I think most critics can take or leave Sofia Coppola. She’s kindof a quasi-auteur director who imbues her films with visually naturalistic, beautiful and Cinéma vérité style, consciously bringing to mind French New Wave directors like Agnès Varda, and New York independents such as Harmony Korine, Jim Jarmusch and John Cassavetes, but with a satirical adult approach similar to Robert Altman’s The Player and Short Cuts.

As with her critically acclaimed and much loved second feature Lost In Translation (2003), Coppola sidestepped plot and scenes with dialogue and instead goes for a tableaux long takes and scenes where the actors look as if they haven’t rehearsed and improvised non-professional actors. Lead actor Stephen Dorff, playing ‘Johnny Marco’, commented that Coppola didn’t give a lot of direction, but found that playing a celebrity, bored and avoiding the paparazzi and surrounded by adoring fans, came quite naturally and often it felt as if he was playing himself. Similarly, Ken Loach was criticised by critics for using non-professonal actors, and that these actors were simply playing themselves, although Loach disputed these comments and suggested ‘playing yourself on screen demands requires emotions and to take something from inside yourself, which is not easy’.


In contract to Loach, who fascinated with ‘realism’ and pushing its boundaries, Coppola seems more interested in ‘anti-realism’; ie Hollywood, surrealism, celebrity popculture and characters who feel alienated or isolated by their own fame and popularity. Coppola often positions these themes in the troubled, defused lives of adolescent girls or older men uncomfortable with the pressures of fatherhood and middle-age. Her feature film The Virgin Suicides (2000), showed the bitter fallout of middleclass family values and its idealisation of the chastity of pubescent girls. An unsettling theme exploring teenage sexuality, femininity, family roles and the ‘Lolita’ fantasy.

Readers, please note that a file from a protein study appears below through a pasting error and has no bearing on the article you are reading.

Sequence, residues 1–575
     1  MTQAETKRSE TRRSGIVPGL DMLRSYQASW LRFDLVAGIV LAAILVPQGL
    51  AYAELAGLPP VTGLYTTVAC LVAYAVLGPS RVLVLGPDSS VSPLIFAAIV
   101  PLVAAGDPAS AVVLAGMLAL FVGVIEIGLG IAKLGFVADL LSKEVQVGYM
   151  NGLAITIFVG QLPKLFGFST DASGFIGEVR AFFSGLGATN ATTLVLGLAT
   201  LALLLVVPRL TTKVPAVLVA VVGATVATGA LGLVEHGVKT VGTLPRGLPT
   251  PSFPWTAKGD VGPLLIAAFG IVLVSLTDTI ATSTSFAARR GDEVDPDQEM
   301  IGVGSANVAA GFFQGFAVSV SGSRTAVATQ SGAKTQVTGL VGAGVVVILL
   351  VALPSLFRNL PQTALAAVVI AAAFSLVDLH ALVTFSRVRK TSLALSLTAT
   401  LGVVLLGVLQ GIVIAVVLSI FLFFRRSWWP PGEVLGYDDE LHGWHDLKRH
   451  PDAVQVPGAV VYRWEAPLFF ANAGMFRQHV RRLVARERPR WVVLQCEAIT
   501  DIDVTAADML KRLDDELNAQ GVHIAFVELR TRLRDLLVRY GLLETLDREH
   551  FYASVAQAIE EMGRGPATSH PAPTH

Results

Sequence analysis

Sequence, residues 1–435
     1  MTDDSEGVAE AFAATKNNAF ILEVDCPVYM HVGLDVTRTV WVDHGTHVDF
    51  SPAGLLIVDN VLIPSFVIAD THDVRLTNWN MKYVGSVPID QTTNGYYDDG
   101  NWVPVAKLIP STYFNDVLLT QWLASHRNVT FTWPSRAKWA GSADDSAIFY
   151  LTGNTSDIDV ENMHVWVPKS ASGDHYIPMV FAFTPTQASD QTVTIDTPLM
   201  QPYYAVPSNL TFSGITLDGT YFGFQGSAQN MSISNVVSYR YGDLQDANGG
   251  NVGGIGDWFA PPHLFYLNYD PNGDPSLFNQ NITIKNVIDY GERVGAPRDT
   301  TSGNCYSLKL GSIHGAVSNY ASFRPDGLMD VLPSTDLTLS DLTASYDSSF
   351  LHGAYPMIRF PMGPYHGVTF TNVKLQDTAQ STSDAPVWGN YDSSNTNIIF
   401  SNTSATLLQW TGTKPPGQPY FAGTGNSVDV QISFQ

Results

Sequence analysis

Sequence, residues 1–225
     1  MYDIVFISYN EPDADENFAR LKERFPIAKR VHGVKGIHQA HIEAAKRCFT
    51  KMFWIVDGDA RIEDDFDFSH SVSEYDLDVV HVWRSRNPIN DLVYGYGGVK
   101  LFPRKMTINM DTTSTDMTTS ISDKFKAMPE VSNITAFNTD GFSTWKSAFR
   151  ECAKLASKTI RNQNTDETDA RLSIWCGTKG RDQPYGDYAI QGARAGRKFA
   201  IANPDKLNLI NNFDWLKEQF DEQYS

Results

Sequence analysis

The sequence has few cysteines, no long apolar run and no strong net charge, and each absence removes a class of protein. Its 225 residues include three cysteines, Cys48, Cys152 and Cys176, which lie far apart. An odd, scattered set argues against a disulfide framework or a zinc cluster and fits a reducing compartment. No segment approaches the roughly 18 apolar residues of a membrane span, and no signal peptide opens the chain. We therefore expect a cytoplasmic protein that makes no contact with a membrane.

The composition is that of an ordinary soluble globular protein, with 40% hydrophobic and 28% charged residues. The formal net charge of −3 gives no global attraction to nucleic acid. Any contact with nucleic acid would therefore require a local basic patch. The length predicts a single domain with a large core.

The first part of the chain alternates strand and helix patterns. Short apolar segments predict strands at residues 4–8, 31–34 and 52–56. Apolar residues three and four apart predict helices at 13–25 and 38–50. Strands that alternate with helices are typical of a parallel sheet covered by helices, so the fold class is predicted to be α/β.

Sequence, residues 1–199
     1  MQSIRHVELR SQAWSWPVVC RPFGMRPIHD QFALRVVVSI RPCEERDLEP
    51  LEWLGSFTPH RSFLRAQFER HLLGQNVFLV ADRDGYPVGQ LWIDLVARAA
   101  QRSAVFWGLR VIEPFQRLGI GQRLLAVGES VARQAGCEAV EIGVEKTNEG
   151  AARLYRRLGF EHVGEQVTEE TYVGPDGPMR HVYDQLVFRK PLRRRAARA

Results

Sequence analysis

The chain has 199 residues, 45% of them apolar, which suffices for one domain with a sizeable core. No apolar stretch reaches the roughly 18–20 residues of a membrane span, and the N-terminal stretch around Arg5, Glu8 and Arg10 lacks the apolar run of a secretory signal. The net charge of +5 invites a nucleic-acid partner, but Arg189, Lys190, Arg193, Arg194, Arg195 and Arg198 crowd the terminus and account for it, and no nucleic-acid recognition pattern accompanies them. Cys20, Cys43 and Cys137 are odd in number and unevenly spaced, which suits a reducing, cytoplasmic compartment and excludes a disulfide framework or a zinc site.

The theme of lost innocence, chastity and femininity was explored again in Lost in Translation, this time in the surrogate father-daughter relationship between a mature young woman and a washed-up movie star, both characters feeling at loose ends in their personal lives.

The hubris of fame and fashion was appropriately satirised and given a contemporary make over for Coppola’s third film, Marie Antoinettee (2006), and moving away from the flat ‘realist’ style for a colourful narrative plot, but which critics dismissed as facetious and historically inaccurate. Perhaps Parisian critics didn’t appreciate a Hollywood studio trespassing on their heritage or making a satirical film about decadent aristorcrats which they could otherwise do better themselves. Arguably, this was a faux pa, a send up of elegance and sophistication, not as offensive to the hipsters as The Devil Wears Prada, but the French super-rich must draw the line somewhere.

It’s fairly apparent that Coppola has drawn from experiences in her own life, giving us a voyeuristic look into her past. Somewhat obtusely, she’d describes the film as a ‘portrait’ into the world of a young daughter on a brief visit to see her father in Hollywood, a movie star somewhat resembling Johnny Depp, who’s coasting on his fame and estranged from the numerous women he has rejected.

Initially, the premise sounded like a retread of what she’d achieved with Lost In Translation, not to mention caricatures of young angelic and stubbly, chauvinistic movie star, seemed contrived. As with Lost In Translation, Coppola steers away from sentimentality and melodrama, and with what I thought was going to be a cute Richard Curtis/About A Boy style romantic comedy, is alot grimmer and colder than I’d expected. Unlike Lost In Translation, there is no revelation or cathartic moment between the characters, simply brief emotional scenes in which the characters share their feelings before they go back to where they were in the beginning – loneliness and uncertainty, although the ending does show a final ambiguity of Johnny Marco abandoning his car on an empty road and setting off alone